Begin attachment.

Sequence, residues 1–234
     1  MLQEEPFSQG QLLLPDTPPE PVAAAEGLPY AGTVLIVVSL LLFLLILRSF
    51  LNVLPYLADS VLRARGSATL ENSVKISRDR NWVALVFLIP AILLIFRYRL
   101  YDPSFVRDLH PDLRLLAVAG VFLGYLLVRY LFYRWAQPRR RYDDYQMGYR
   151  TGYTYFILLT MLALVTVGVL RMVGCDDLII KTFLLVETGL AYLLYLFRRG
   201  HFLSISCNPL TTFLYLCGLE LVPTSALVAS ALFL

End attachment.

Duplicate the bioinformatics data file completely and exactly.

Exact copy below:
Sequence, residues 1–234
     1  MLQEEPFSQG QLLLPDTPPE PVAAAEGLPY AGTVLIVVSL LLFLLILRSF
    51  LNVLPYLADS VLRARGSATL ENSVKISRDR NWVALVFLIP AILLIFRYRL
   101  YDPSFVRDLH PDLRLLAVAG VFLGYLLVRY LFYRWAQPRR RYDDYQMGYR
   151  TGYTYFILLT MLALVTVGVL RMVGCDDLII KTFLLVETGL AYLLYLFRRG
   201  HFLSISCNPL TTFLYLCGLE LVPTSALVAS ALFL